GCN Security Bulletin (January 21st – 25th)
Rising Inequality in the World:
The World Economic Forum in Davos kicked off in January. The annual meeting is a conference which attracts individuals from all around the world including heads of states, business leaders and journalists. President Trump abruptly cancelled his attendance primarily due to the shutdown of the US government which has now entered its second month. Trump is not the only world leader who will skip meeting in Davos. Others who have withdrawn include the UK’s Teresa May, France’s Emmanuel Macron, China’s President Xi and India’s Narendra Modi.
This shows that several of these leaders have opted out due to pressing domestic concerns but also a global disillusionment with political elite. The 2019 Edelman Trust Barometer shows that there is a 16-point trust gap between the “informed public” and the “mass population”. This is certainly a factor for several world leaders who also face re-election in the coming months.
The annual meeting is also greeted with the release of the Amnesty International report on inequality. The report claims that 28 billionaires own the same amount of wealth as the poorest 3.2 billion people. It is well-acknowledged that the report must be taken with a grain of salt as its methodology has been questioned. What doesn’t need questioning is the global inequality which exists. Looking at more respected measures of inequality, we see that the gap is quite large. Two additional sources to consider are the Palma Report and the Gini Coefficient.
Fears of Global Recession:
While news of the British exit from the European Union potentially causing a recession, two other nations – Germany and China – could also have a significant role in causing a global recession. Global recessions tend to happen at 10 year intervals on average with the most recent one being in 2008. Germany posted a surprise decline in industrial output as it fell 1.9% a few days ago. China which has seen a tremendous expansion in output over the past 10 years has shown a dramatic slowdown in its 6.4 per cent expansion in this quarter being the slowest in 30 years. For China, this slowdown is attributed to the trade tensions it is currently undergoing with the United States.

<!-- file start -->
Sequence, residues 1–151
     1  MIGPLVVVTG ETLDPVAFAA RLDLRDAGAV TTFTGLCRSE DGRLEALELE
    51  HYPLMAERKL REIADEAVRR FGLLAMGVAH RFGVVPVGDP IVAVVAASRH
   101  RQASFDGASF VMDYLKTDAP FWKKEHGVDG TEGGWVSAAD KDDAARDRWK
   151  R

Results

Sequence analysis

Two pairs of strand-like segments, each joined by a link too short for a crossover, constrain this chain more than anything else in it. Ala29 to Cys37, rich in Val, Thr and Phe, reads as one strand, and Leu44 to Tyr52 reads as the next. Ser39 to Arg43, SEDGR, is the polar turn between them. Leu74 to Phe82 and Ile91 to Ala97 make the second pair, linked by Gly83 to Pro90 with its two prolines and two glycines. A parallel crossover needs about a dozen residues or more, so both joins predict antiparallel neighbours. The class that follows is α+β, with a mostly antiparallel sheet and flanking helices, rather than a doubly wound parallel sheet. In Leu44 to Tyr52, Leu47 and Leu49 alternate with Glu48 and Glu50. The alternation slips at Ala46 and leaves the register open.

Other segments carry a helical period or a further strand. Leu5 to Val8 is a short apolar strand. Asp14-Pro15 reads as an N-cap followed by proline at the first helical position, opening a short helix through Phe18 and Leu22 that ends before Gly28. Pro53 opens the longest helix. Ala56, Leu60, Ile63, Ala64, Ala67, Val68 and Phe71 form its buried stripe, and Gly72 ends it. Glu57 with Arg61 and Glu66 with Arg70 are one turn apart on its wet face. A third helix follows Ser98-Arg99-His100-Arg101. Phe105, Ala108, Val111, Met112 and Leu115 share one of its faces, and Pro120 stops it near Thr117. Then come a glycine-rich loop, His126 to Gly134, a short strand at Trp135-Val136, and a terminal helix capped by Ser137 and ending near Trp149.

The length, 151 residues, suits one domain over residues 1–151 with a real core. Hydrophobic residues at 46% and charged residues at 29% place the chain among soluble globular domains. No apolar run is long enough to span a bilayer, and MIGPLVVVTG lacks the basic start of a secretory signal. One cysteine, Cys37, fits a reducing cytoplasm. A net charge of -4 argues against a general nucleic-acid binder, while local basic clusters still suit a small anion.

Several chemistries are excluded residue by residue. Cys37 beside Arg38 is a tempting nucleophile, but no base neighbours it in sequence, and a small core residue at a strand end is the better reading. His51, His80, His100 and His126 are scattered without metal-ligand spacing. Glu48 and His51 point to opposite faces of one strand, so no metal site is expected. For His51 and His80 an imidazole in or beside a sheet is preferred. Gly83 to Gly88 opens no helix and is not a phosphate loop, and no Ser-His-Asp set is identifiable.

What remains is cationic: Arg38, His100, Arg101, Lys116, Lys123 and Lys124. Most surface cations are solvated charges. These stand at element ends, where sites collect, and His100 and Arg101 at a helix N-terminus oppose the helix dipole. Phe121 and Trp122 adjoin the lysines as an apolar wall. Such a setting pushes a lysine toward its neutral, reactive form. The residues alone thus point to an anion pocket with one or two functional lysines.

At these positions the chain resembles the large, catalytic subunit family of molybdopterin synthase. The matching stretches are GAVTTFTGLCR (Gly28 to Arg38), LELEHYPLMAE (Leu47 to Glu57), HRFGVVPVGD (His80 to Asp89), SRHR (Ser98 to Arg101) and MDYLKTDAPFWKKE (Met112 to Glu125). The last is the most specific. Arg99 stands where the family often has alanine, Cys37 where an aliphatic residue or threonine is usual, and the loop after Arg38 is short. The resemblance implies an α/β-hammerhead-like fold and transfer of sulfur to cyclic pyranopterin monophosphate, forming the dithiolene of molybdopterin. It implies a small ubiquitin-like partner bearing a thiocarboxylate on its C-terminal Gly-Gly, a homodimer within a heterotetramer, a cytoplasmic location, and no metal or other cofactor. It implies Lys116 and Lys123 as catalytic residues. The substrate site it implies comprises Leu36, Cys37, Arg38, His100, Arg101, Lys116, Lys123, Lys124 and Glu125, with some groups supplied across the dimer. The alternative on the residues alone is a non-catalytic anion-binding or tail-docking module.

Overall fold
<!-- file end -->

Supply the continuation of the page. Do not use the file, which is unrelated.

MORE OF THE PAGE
A Turning Point in Indian Politics?
The Narendra Modi-led Bhartiya Janata Party shocked Indian politics with its decisive 2014 victory in the national elections. Since then it has scored several victories in states across India leading to its high point in Indian politics.
Up until a year ago the party and Prime Minister Modi’s re-election seemed inevitable, however, in the build-up to 2019, two factors have now brought this into question. The first is the weak implementation of economic policies including demonetization, Goods and Sales Tax, coupled with rising prices of everyday goods. The second factor is the resurgence of political opposition which showed a lull over the past few years. This past week 22 opposition party leaders met in West Bengal as a sign of strength.
This is an essential step towards a grand alliance of national and regional parties who are working together in hopes of ousting the BJP. While the parties share very few things in common, they are united in the view that the BJP’s politics of hate has divided the country. Over the next few months, the answers that people will await is who will come to power in India? If it is a grand alliance, who will be the leader? How long can this grand alliance last with the differing views of the party?
Image Credit: CC by World Economic Forum/ Flickr